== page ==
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Australian Journal of Pharmacy : March 2005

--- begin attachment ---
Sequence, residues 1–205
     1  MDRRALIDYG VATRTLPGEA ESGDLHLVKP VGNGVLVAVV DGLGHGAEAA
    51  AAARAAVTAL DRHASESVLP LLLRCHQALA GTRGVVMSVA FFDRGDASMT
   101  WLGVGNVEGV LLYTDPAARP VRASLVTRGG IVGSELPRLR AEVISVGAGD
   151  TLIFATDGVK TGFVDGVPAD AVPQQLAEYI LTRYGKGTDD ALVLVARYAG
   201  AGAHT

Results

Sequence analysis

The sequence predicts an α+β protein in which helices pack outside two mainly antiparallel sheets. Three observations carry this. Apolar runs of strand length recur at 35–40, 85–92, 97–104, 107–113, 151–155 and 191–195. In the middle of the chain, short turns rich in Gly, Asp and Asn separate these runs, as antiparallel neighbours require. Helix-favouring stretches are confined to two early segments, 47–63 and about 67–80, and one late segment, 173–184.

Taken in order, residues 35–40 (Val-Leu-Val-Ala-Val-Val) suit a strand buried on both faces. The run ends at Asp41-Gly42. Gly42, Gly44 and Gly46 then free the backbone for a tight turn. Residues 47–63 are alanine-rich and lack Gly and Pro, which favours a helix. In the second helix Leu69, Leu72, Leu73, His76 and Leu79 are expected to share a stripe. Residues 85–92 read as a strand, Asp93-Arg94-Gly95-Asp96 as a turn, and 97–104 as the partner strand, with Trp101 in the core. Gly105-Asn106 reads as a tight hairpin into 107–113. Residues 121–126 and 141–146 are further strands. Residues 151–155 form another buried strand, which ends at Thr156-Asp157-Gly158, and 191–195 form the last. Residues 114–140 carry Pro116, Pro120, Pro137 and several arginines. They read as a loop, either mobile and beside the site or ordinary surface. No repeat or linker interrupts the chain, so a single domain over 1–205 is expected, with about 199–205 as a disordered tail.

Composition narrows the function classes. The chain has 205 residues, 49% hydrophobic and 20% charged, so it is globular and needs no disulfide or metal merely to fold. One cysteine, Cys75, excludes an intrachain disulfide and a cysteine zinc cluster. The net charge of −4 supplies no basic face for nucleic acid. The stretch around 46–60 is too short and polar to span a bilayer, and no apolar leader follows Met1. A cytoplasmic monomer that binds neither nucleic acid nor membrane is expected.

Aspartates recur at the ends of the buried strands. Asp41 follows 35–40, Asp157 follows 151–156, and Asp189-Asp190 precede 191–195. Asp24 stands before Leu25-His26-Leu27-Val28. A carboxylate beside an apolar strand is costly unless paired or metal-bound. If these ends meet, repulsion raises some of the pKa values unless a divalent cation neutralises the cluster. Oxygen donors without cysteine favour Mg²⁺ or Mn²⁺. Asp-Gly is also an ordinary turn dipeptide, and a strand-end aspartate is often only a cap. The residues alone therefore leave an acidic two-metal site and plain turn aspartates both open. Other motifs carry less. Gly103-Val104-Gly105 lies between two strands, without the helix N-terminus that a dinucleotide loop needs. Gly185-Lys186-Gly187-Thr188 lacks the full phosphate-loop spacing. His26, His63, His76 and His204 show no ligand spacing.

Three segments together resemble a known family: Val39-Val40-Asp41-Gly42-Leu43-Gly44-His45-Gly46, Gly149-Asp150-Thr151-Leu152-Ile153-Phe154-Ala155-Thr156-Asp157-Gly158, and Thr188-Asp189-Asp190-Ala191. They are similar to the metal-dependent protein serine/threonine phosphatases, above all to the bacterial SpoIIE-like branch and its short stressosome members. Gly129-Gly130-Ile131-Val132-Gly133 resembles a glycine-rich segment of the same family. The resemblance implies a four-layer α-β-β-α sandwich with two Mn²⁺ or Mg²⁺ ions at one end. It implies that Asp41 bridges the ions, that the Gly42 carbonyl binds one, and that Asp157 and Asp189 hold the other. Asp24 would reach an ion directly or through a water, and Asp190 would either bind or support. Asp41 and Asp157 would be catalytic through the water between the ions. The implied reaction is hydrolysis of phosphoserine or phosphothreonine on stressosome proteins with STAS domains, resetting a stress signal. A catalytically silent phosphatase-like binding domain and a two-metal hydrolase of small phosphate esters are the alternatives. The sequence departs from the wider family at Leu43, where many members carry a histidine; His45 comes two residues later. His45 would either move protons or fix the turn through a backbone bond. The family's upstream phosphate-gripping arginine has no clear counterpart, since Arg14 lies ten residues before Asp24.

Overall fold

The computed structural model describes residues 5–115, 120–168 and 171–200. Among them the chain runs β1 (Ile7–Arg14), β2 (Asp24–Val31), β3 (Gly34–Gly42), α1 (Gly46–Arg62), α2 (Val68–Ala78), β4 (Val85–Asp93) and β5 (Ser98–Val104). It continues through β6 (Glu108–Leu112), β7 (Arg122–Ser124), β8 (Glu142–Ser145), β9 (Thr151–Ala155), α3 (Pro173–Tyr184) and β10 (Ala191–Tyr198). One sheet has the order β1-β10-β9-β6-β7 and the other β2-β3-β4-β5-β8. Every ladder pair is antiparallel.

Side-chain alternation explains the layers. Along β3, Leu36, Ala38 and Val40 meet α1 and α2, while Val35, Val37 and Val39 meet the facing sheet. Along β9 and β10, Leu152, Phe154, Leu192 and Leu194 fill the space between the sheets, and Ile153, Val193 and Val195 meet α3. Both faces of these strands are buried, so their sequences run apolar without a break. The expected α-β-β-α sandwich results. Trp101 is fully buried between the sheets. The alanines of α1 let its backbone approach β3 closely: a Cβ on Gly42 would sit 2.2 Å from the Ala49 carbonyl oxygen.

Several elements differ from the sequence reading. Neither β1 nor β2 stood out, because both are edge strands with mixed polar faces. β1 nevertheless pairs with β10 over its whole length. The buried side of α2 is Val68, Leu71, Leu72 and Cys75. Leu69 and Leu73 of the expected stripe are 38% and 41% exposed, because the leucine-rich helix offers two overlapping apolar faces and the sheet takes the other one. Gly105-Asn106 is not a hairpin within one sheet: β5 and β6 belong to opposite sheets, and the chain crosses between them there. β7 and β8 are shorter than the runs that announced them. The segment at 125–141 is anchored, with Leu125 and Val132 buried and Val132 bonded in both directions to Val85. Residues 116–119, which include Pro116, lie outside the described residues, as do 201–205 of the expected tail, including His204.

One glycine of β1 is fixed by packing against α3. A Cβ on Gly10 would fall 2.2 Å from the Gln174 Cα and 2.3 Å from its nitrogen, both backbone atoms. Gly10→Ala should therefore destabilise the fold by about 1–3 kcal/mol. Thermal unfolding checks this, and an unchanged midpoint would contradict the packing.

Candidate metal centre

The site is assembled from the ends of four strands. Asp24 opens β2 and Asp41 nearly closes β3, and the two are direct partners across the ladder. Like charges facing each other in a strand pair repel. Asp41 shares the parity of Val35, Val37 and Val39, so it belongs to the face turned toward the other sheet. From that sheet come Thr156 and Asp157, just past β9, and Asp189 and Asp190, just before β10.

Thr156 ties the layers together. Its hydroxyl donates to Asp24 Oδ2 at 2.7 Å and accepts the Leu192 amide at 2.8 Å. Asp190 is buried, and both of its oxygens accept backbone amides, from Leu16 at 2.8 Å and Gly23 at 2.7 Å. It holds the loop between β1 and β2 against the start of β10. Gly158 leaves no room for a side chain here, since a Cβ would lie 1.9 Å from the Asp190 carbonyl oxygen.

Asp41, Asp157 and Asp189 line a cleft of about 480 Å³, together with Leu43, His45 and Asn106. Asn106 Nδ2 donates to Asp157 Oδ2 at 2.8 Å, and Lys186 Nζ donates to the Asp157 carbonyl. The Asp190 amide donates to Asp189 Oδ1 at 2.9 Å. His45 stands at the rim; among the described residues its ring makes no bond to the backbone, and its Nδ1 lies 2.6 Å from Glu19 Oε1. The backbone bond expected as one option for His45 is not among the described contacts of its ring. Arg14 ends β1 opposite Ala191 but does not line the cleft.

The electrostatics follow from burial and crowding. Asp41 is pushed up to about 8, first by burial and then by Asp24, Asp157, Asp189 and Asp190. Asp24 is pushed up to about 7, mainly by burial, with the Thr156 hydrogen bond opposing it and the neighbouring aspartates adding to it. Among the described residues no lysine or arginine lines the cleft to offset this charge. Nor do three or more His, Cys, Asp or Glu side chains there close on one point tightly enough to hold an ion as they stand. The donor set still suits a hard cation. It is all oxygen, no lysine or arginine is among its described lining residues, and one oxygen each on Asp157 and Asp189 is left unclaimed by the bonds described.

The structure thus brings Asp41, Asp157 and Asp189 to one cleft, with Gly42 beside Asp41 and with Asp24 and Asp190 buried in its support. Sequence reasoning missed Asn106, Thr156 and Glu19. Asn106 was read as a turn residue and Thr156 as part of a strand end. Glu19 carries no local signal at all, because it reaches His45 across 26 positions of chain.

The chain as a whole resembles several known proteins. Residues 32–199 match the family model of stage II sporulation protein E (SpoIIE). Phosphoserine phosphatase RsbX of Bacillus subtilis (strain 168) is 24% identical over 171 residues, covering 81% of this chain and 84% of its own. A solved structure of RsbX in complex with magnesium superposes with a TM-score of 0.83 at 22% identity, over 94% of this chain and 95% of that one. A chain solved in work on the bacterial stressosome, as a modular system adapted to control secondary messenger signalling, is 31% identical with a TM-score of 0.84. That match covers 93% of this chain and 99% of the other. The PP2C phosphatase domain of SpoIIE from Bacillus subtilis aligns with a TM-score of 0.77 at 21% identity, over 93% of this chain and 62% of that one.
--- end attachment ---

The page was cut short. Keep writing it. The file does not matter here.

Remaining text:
the future to improve the heart health of Australians,’ Dr Abernethy said. Women and heart disease The Heart Foundation is finalising results from a survey on the community’s under- standing of CVD. According to Dr Aber- nethy, the preliminary results are star- tling, especially in terms of people’s understanding of women’s risk of CVD. ‘Results from previous surveys have shown that only 25 per cent of women correctly identified heart disease as the leading cause of death for women in Aus- tralia. The most recent survey shows even lower awareness with most people nomi- nating breast cancer as the number one killer,’ Dr Abernethy said. ‘The reality is more than 12,200 Aus- tralian women die from heart disease each year, which is 4.5 times higher than deaths from breast cancer.’ Dr Abernethy added: ‘While breast cancer is a very important health issue for women, we would also like them to recog- nise that heart disease is also a serious health threat. Pharmacists are in a good position to inform women about heart disease and the lifestyle changes they can make to reduce their risk as well as encouraging them to speak to their GP about their heart health.’ Pharmacy CVD projects Pharmacy Cardiovascular Healthcare Model project Pharmacy’s role in helping to identify, prevent and manage both risk factors and CVD will be investigated in a project funded by the Department of Health and Ageing and administered by the Guild as part of the Third Community Pharmacy Agreement. Headed by Professor Greg Peterson, Professor of Pharmacy at the Unit for Medication Outcomes Research and Education, School of Pharmacy, Univer- sity of Tasmania, it is expected to be com- pleted in mid-August. ‘What we are looking at with this national project is essentially collecting information from Australia and overseas. We want to see what community phar- macy has done before in terms of educa- tion to prevent CVD, through to screen- ing of higher-risk individuals and moni- toring the drug therapy and compliance of patients with heart disease,’ Professor Peterson told the AJP. From this it is hoped to develop a col- laborative model as to how community pharmacy in Australia could have a ben- eficial impact on heart disease. Existing programs like Home Medi- cines Reviews (HMRs) and collaborating with professional bodies like the National Heart Foundation of Australia would be investigated as part of the project. ‘For example it might be possible to include a specific cardiovascular medica- tion review as part of the HMRand work- ing within the framework of the National Heart Foundation recommendations which are recognised in the community,’ Professor Peterson said. ‘The Foundation, along with the Car- diac Society of Australia and New Zealand, recently published new guide- lines on how to tackle heart disease in Australia. We know from this document that there is a place where pharmacy can fit to work with other health profession- als and lessen the burden of heart disease in this country.’ The project is largely an information- gathering exercise and a solid review of what is already in place, but would also include input from the public, pharmacy and the medical profession. ‘We want to avoid the sometimes prickly issues that can arise between doc- tors and pharmacists, for example when it was suggested that community phar- macy may become more involved in vac- cination programs.’ The experiences from earlier studies undertaken by the University, including heart disease risk factor screening and cholesterol monitoring and patient edu- cation, would be incorporated into the latest project, Professor Peterson said. The project team includes Jeff Hughes from Curtin University in Western Aus- tralia, Dr Kay Stewart and Professor Roger Nation from the Victorian College of Pharmacy, Professor Shane Scott from Newcastle University and Dr Karen Far- ris, Associate Professor in Clinical and Administrative Pharmacy at the Univer- sity of Iowa. Professor Peterson said Dr Farris has been involved in advanced monitoring of patients through phar- macy in the US and her expertise in this area is an important part of the project. From hospital to community: Multidis- ciplinary ‘Continuity of Care’ model for cardiovasdcular patients involving community pharmacists Another CVD project, investigating the impact of a pharmacist-conducted HMR on hospital patients, is continuing at Syd- ney’s Westmead Hospital. Dr Tim Chen, lecturer in pharmacy practice at the University of Sydney, is heading the randomised comparative trial with Glena Ellitt, which is the first of its type to be conducted at Westmead. Also in the team are fellow University of Sydney researchers Paula Whitehead and Professor Joanne Brien. Ultimately, researchers hope to recruit up to 250 patients in the program, which began in 2003. Dr Chen said that, to date, 150 patients had been recruited to the study and then randomised to receive an HMRearly after discharge (about two-to-four weeks) or late after discharge (about six months). ‘...only 25 per cent of women correctly identified heart disease as the leading cause of death for women in Australia’ ‘We are hoping to discover if applying HMRearly to patients leads to fewer med- ication-related problems and, ultimately, reduced re-admission to hospital,’ Dr Chen said. ‘This continuity of care study differs from others in that we are measuring the specific impact of a pharmacist-con- ducted HMR shortly after discharge. ‘We believe pharmacists can play a piv- otal role in the seamless management of THE AUSTRALIAN JOURNAL OF PHARMACY VOL.86 MARCH 2005 ? 171